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Apple Cracking Down on Apps That Share Location Data With Third Parties

by Chris Brook on Thursday May 10, 2018

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Apple has reportedly begun removing apps from the App Store that share location data with third parties but fail to obtain a user's consent.

Apple is beginning to crack down on applications that send user location data to third parties without asking first.

Several app developers began reporting this week that their apps have either been removed from Apple’s store or rejected by the Cupertino company citing a lack of compliance with Apple’s data privacy rules, specifically because they transmit user location data to third parties without obtaining the consent of user first.

Apple is telling developers offending apps will be removed from its app store and not restored unless users remove "any code, frameworks, or SDKs that fall in line with the functionality." According to the letter sent to developers only after that code has been removed can developers resubmit their app for review.

Technically the legalese these apps appear to be violating is 5.1.1 and 5.1.2 of the company’s App Store Review Guidelines: "The app transmits user location data to third parties without explicit consent from the user and for unapproved purposes."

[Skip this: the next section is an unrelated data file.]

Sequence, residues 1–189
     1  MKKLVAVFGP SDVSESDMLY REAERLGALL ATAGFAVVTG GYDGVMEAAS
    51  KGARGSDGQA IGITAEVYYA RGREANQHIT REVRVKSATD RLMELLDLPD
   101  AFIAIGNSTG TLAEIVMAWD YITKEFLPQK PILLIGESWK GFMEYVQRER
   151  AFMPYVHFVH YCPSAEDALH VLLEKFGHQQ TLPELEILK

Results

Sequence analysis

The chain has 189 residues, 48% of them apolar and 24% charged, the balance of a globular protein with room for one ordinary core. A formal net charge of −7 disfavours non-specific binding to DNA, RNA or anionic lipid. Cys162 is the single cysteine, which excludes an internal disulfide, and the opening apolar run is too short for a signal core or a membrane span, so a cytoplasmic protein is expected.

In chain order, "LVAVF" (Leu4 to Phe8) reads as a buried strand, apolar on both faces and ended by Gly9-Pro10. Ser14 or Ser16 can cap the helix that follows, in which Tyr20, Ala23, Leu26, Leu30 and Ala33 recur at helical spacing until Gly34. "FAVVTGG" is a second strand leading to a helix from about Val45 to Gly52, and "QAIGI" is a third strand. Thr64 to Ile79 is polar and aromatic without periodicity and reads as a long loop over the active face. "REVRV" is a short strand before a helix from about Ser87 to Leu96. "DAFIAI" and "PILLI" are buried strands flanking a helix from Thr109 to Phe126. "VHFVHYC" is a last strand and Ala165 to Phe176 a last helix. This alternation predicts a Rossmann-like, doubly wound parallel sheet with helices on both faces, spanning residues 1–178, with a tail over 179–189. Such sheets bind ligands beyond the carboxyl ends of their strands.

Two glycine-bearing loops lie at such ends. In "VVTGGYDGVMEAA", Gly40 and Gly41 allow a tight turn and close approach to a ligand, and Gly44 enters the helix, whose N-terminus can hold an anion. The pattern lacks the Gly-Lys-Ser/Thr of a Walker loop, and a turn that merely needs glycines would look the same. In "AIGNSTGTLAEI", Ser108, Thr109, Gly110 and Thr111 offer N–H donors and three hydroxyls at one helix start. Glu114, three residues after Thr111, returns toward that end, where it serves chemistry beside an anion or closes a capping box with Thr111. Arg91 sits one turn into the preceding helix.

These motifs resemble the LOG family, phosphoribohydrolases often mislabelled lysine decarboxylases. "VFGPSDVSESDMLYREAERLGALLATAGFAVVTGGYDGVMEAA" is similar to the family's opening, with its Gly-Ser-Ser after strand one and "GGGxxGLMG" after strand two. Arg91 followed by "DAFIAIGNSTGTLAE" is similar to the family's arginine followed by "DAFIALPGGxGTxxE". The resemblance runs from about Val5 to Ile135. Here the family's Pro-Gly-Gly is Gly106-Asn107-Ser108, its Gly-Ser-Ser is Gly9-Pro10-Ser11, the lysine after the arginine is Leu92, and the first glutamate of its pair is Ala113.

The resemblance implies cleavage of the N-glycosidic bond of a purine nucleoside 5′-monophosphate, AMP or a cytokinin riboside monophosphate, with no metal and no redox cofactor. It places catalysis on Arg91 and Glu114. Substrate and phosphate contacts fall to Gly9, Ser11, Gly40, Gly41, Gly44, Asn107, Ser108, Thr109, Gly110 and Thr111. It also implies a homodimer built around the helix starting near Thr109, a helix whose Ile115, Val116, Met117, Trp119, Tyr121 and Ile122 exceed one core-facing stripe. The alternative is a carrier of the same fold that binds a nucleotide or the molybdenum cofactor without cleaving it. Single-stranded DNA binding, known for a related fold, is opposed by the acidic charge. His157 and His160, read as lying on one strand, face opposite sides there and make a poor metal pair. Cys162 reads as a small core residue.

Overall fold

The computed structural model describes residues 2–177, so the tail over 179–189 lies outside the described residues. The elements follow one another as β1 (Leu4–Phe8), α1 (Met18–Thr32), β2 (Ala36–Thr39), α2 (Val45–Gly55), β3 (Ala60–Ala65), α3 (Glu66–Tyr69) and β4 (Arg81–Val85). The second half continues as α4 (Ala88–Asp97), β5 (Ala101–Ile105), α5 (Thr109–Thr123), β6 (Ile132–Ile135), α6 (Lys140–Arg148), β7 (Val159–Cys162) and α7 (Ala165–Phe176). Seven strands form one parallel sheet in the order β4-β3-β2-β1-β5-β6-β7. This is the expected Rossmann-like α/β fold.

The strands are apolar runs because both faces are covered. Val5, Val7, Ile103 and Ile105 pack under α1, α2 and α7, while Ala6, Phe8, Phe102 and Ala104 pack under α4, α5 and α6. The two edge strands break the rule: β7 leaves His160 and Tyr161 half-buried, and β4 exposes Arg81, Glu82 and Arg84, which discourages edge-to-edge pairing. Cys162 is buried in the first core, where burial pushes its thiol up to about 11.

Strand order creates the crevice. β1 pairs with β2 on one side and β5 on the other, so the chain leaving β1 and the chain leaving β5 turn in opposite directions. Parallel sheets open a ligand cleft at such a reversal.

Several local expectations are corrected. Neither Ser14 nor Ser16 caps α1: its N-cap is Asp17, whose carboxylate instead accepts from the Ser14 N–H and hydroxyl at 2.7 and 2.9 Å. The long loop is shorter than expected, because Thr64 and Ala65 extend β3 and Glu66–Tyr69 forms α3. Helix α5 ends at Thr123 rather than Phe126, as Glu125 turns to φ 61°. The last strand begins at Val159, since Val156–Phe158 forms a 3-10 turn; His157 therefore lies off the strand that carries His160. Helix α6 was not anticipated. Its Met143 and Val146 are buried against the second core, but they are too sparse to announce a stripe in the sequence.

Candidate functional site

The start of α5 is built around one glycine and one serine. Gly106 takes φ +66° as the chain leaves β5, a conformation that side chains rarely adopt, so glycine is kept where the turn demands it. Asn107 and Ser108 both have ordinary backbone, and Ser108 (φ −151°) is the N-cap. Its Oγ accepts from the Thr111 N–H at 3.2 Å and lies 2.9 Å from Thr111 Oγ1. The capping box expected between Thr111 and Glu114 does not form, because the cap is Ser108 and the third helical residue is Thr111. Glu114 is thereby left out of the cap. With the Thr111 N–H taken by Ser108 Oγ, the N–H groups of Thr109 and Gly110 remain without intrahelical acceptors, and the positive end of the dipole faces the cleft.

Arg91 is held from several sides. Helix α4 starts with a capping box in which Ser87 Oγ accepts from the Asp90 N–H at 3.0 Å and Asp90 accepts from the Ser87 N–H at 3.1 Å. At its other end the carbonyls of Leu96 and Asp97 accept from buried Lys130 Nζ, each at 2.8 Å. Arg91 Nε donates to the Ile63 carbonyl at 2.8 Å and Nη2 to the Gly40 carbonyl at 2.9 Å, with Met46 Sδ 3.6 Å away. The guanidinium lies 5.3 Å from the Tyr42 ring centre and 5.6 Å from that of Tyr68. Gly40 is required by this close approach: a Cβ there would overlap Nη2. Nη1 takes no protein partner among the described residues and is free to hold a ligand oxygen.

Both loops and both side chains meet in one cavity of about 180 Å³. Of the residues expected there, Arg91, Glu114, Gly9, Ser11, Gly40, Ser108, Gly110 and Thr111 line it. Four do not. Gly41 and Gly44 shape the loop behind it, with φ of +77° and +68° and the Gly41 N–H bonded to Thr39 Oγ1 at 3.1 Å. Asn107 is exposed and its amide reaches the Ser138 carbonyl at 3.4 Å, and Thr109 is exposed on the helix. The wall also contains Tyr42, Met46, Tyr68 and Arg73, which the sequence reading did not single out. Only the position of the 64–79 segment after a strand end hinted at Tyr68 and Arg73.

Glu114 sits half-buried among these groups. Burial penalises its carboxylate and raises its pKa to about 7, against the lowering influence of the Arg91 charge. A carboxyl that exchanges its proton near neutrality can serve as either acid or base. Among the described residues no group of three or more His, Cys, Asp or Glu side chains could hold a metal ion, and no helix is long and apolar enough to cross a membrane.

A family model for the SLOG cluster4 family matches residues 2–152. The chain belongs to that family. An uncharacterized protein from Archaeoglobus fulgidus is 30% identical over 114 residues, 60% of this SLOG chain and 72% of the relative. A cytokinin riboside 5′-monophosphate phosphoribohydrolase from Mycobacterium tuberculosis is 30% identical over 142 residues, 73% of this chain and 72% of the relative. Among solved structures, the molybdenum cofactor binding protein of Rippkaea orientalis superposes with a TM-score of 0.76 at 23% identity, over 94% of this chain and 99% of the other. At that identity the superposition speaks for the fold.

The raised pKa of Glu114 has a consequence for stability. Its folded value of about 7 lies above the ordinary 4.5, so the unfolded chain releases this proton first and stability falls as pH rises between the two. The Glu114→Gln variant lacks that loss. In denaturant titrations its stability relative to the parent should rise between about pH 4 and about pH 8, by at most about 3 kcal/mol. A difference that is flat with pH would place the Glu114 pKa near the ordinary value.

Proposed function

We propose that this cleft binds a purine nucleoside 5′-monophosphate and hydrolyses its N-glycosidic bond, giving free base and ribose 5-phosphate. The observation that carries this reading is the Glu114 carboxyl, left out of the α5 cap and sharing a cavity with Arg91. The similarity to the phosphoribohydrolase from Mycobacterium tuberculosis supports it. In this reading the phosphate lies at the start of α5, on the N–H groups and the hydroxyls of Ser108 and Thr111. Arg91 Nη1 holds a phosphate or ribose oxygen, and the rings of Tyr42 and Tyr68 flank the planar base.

Blog Post

What does GDPR mean for you?

It's widely assumed - and probably safe to speculate - that Apple's move is in response to the looming spectre of the European Union’s General Data Protection Regulation, or GDPR.

Apple is reportedly already in the midst of working on a site that will allow users to download a copy of all the data they've shared with the company to comply with the Regulation. A report from Bloomberg in March said Apple planned to debut the site sometime this month, before GDPR goes into effect on May 25. The portal will reportedly also allow users to deactivate and completely delete their account.

Tags: Security News, Apple

Chris Brook

Chris Brook is the editor of Data Insider. He is a technology journalist with a decade of experience writing about information security, hackers, and privacy. Chris has attended many infosec conferences and has interviewed hackers and security researchers. Prior to joining Digital Guardian he helped launch Threatpost, an independent news site which is a leading source of information about IT and business security for hundreds of thousands of professionals worldwide.